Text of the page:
Pre-Money: June 17, 2024

Unwise crowds, mergers rebound, healthy IPOs, Databricks building faster & more

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The Vibe

The week’s most important happenings

Inflation cooled again, and the fed tempered expectations on rate cuts, but mergers and acquisitions look to be back in vogue as the market charges ahead. This week we’re looking at:

  • Unwisdom of the crowd?

  • AI’s changing the game

  • Merger mania time?

  • Europe’s VC resignation

  • Databricks on the warpath

  • IPOs get healthy

  • and more…


The week’s top performance indicators

Based on publicly available data from Thompson Reuters, NASDAQ, CNN Business & other third-party sources. As of June 14th market close.


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Dots & Lines

The week’s top takeaways

  • The IPO Market gets healthy: This month saw two healthcare companies go public. Tempus ($TEM), the Chicago-based diagnostics company led by Groupon founder Eric Lefkowitz, started trading Friday after raising $410M, with its shares rising 10% to finish the week at a $6.6B market cap. This was on the heels of Waystar ($WAY), a medical payments software provider raising $968M in an IPO one week earlier, valuing the company above $3.5B. As the IPO window continues to open, it’s possible that advances in health will contribute to a consumer renaissance fueled by technological advancement and customer expectations. Hopefully this will herald a continued flow of public, venture-backed businesses.

  • Mergers on the rise: M+A has been scarce for the past couple years, but with the anticipated Fed rate cuts looking more likely, consolidation is in the air. Financial research Alphasense bought Tegus, a financial data provider, for a reported $930M, raising $650M in the process, to reach a $4B valuation. Meantime, French mobile games company Voodoo acquired BeReal, a social networking app, for $530M+. Legal AI company was said to be considering acquiring vLex, an incumbent legal research firm. And the list goes on, spanning stage and sector - Google buying Cameyo, Miro acquiring Uizard, and even touching tech’s largest companies, who had been avoiding buyouts of late. Acquisition activity picking up is a positive signal, as it provides exits for founders, liquidity for investors, and leaves fewer, stronger companies in the market.

  • Dark days for crowdfunding: The SEC exemptions codified under the 2016 JOBS ACT are central to enabling individual participation in private markets. Regulation A, which enables businesses to raise up to $75M per year from unaccredited investors, has unlocked more than $6B of investment. But the companies most successfully utilizing the exemption are under pressure - like portable home manufacturer Boxabl and EV maker Aptera. Critics of the businesses, which raised a combined $170M, complain about slow delivery times, limited communications, flagging sales numbers and outsized executive compensation. Such complaints have been levied against crowdfunding companies more broadly. To be fair, though, many venture-backed companies face similar challenges as they seek to disrupt the status quo, but tend to handle them behind the shield of a venture-backed structure versus in the open in front of thousands of individual investors. Crowdfunding investors face another, unrelated challenge. Evolve, one of the space’s top banks, is under investigation by the federal reserve for its practices on the heels of fintech Synapse’s bankruptcy, where $85M+ of investor funds are unaccounted for. All of this underscores the need for private market investors to do their own research, with some arguing for a sophistication test instead of accreditation as the correct barometer for readiness to invest in private deals.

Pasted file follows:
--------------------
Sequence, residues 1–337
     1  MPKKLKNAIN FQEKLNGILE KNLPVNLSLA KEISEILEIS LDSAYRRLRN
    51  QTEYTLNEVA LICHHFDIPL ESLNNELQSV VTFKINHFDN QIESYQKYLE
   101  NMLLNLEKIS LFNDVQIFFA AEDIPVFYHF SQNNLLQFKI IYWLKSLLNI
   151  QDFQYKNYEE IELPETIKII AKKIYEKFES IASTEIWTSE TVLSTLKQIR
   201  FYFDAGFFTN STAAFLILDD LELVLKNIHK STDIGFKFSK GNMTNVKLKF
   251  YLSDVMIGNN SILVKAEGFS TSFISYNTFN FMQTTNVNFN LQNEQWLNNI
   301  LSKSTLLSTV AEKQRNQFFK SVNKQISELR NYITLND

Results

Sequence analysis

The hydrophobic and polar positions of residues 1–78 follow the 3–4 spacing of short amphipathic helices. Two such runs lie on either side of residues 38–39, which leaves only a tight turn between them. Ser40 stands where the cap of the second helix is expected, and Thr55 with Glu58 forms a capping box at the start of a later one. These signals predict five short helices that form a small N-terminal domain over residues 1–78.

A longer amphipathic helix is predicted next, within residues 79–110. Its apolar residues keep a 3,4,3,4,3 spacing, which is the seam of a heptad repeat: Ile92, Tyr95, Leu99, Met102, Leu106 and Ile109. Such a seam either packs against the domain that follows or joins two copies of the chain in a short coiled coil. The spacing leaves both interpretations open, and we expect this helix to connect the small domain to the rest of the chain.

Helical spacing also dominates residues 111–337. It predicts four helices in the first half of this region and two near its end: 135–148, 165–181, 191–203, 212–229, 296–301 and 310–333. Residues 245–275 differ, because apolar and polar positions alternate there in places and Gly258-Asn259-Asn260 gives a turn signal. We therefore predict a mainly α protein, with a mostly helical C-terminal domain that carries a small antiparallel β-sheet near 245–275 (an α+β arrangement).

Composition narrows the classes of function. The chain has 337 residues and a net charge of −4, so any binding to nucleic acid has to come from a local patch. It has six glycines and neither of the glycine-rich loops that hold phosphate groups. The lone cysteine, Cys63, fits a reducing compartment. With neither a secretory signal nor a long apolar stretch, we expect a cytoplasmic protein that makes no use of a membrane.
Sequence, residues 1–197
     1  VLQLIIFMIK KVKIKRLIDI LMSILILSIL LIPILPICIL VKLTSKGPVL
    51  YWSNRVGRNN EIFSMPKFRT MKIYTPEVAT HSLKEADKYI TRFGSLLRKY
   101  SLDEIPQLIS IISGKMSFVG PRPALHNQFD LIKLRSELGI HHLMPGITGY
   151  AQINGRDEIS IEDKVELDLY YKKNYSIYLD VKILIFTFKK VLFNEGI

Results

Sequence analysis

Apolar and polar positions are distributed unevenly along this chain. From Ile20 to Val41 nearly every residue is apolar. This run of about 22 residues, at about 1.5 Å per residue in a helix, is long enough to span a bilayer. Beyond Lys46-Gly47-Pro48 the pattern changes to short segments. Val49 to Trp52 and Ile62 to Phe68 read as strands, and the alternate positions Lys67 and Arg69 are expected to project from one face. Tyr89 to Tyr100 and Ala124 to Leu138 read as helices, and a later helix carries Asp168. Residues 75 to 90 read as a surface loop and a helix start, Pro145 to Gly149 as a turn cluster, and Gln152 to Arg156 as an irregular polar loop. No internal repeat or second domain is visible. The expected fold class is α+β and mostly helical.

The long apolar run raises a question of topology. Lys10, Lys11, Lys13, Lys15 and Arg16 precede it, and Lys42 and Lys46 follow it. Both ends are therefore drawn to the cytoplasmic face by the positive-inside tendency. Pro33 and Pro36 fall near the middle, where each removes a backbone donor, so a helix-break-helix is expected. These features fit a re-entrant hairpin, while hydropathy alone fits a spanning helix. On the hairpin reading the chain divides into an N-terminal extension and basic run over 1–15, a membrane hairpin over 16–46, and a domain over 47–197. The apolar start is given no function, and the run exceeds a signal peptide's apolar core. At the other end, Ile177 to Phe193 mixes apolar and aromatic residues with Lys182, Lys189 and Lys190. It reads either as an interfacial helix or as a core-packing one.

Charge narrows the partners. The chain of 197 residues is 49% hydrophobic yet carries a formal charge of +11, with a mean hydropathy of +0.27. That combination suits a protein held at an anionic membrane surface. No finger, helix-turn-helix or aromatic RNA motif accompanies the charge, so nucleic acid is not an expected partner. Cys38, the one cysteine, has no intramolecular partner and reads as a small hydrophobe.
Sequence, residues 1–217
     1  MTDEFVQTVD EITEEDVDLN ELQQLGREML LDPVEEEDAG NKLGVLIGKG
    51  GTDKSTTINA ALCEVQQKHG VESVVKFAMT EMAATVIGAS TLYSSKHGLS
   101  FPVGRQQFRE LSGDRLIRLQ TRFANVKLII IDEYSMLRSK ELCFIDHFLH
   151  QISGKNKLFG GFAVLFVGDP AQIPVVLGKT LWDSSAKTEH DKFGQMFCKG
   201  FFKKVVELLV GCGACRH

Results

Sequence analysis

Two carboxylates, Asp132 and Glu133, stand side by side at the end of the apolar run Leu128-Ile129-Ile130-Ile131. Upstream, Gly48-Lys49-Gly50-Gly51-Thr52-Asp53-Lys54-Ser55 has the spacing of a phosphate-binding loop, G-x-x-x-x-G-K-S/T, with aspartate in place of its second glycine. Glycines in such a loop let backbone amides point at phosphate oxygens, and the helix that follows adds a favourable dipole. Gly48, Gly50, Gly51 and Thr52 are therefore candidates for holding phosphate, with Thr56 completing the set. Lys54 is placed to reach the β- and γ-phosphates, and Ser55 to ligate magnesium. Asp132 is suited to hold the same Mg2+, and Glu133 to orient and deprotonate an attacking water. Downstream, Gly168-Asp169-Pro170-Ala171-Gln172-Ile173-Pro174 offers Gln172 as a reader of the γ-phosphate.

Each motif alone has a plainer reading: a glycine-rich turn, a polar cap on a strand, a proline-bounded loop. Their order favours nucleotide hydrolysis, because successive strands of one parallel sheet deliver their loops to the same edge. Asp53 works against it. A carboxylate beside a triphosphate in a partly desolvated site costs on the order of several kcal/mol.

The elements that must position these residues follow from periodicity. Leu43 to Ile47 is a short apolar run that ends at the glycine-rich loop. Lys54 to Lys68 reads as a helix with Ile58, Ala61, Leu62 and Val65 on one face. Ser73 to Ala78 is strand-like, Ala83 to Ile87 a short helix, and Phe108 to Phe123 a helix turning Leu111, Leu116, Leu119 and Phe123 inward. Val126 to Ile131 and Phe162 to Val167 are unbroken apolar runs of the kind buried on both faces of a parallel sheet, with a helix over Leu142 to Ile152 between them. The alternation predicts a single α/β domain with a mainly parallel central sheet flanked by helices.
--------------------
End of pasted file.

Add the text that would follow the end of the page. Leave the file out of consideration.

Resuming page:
Source: WSJ

  • The AI roller coaster lurches forward: The idiosyncratic cycles of Silicon Valley innovation are are coming into question behind closed doors by the fast and relentless influence of AI. Everyone can see the market rapidly evolving, but few know where it’s heading. Government is playing its part, advancing a liability bill that will either slow innovation or save the world, depending who you ask. And even as AI funding is all the talk, early-stage dealmaking looks to be slowing - with a steep dropoff to less than 500 financings in Q2 from more than 1000 in Q1. Meanwhile, a growing number of funded companies seek exits. And the potential of startups to scale breakout innovations is being effectively blocked by big companies. The only constant is change, and investors should hold onto their hats for a wild ride ahead.

Smart Humans Podcast

In the latest episode of Smart Humans, Slava Rubin talks with Percent CEO and Founder Nelson Chu about private credit investing, optimizing yield and what’s in store for private markets.

Deal Points

A few items of interest

Stay true to the founders - IPOs are much more likely when you do

The Forecast

Looking ahead to this week

During the week of June 17th, keep your eye on:

  • Earnings from Carmax ($KMX) and Accenture ($ACN)

  • May retail sales and business inventories on Tuesday

  • Relax and honor the Juneteenth holiday on Wednesday

  • May housing starts and building permits on Thursday

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